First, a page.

Start the week by considering social movements in #enviroed

If you’ve wondered how “civic and political organizations can make the participation of ordinary people Possible, Probable, and Powerful” [P3] you might want to check out this webinar from NAAEE. It features Hahrie Han and the work of the P3 lab at UCSB, on civic and political engagement, collective action, social change, and democratic revitalization, particularly as it pertains to environmental politics and social policy issues.

Discussion continues over at eePRO

Weekend viewing – from Anecdotes to Evidence

Find out about the “Anecdotes to Evidence: Demonstrating the power of environmental education” project, from eeWORKS, a project designed to deliver communication tools and strategies that EE professionals can use to bolster support and increase investments in EE, based on summaries and reviews of the research literature.

Read on at: https://naaee.org/our-work/programs/eeworks

Start the week by reflecting on the significance of Tbilisi for #enviroed, 40 years on

The journal’s founding editor, William Scott, offers an audio commentary on Tbilisi Recommendation Two, over at the eeLEARN website.

Recommendation Two articulates the goals, objectives, and guiding principles of #enviroed.

What would your commentary be? And do you agree with Bill’s final words, that we now need something more ‘inclusive’?

https://naaee.org/eepro/learning/eelearn/history-ee/lesson-3/tbilisi-declaration

End the week by considering a timeline of #enviroed, and help improve it!

As part of the work of eePRO, there’s an interactive timeline on #enviroed at the following link. Feedback and suggestions on how to improve the timeline are welcome too … just visit the site to find out how …

https://cdn.knightlab.com/libs/timeline3/latest/embed/index.html?source=1m0fvXToqoc6DfTDDr9xtcQ2YHEuQvxNI4KnGvhY1j00&font=Default&lang=en&initial_zoom=2

Start the week by considering the collective impact of environmental education initiatives

In this new article published in the Stanford Social Innovation Review, the journal’s Associate Editor, Nicole Ardoin and colleagues explore “what might be possible if organisations worked together to increase the impact of environmental education”.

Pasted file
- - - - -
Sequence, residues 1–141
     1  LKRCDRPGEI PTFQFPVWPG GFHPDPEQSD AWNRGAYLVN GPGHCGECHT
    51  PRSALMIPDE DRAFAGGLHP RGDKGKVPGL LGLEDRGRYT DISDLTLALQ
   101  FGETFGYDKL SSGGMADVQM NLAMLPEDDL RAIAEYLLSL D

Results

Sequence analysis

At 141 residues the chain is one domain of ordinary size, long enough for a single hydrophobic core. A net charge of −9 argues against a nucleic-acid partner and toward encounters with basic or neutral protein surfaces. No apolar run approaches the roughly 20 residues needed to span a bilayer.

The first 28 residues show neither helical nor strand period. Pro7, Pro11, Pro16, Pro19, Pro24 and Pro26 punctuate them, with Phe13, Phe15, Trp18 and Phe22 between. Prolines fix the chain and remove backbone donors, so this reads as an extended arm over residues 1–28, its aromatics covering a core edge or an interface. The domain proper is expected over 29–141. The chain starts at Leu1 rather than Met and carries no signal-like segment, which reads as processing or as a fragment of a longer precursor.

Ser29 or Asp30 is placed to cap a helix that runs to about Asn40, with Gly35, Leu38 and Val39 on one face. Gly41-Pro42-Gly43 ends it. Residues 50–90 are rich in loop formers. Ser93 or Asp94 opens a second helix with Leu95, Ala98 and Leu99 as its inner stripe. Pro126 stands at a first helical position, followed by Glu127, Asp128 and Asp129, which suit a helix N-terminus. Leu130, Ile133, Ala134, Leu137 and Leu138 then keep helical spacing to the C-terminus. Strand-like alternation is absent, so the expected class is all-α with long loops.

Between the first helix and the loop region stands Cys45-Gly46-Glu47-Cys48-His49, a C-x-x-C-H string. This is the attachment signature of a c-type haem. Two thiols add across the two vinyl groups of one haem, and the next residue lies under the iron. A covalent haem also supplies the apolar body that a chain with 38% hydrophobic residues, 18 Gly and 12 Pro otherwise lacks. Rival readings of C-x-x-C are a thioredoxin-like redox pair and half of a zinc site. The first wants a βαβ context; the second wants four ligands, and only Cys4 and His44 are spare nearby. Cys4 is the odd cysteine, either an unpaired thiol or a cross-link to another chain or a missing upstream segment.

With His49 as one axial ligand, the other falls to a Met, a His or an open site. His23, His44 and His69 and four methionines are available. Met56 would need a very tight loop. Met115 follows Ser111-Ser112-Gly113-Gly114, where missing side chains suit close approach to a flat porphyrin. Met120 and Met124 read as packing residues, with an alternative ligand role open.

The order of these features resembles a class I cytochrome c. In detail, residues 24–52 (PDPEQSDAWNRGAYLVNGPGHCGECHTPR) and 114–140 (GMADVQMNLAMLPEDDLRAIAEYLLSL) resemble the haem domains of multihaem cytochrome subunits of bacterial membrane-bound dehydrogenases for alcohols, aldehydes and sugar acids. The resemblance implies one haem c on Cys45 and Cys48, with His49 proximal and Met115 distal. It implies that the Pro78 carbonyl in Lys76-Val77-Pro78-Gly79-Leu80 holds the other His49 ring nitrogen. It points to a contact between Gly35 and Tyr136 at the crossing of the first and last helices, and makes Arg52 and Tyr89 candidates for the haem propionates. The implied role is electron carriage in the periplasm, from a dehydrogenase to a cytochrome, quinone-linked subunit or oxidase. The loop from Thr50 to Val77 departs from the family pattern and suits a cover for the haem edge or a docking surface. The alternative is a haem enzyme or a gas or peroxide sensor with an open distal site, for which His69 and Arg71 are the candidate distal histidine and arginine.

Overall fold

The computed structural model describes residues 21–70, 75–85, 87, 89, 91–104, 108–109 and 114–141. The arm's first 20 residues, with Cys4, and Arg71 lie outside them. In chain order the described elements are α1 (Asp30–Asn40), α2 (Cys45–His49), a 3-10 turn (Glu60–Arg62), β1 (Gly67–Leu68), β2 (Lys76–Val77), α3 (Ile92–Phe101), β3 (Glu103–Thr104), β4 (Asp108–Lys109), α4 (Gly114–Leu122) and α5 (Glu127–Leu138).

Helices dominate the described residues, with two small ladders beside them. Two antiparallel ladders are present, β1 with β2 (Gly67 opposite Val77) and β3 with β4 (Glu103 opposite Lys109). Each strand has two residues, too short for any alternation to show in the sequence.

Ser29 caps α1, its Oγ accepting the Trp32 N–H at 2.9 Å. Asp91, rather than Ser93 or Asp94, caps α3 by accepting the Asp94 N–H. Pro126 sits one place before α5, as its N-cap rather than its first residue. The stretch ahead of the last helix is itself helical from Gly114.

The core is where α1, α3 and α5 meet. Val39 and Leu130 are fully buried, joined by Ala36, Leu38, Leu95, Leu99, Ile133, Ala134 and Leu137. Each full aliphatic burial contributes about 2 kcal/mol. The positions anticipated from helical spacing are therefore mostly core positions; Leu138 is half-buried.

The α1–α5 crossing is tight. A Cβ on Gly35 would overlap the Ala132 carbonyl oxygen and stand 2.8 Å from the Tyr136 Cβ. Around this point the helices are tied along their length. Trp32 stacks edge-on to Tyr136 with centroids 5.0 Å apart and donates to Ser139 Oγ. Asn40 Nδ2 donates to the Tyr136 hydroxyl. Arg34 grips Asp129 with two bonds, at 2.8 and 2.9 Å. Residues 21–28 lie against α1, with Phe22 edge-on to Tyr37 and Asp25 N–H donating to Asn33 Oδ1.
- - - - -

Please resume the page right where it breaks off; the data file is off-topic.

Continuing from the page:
The article sketches the roles and challenges of ensuring a commitment to equity, a common agenda, shared measurement systems, mutually reinforcing activities, continuous communication, and a backbone support organization.

— You might also be wondering what this raises for environmental education research too (and not just in California). For starters, how to foster (or impede?) collaborative processes, and what kinds of collective impact are desired and desirable for whom, where and when – and of course, why …?

http://ow.ly/5LUx30bN9Xe

“Critical Investigations of the Research-Policy Relationship in Environmental and Sustainability Education”

The latest call for proposals for the journal:

“Critical Investigations of the Research-Policy Relationship in Environmental and Sustainability Education”

Guest editors: Mark Rickinson, Monash University & Marcia McKenzie, University of Saskatchewan

The purpose of this Special Issue is to draw and build upon:

• the growing interest in policy and policy research within the environmental and sustainability education (ESE) research field;

• the increasing body of work on the research-policy relationship in fields beyond ESE;

• the need to bring these two developments into conversation and debate, against the backdrop of developments in monitoring and evaluation aims in international ESE policy.

Key date for CFP, Proposal Guidelines and Submission Timeline – May 15, 2017

Full details in the attachment.

http://ow.ly/d/5VMY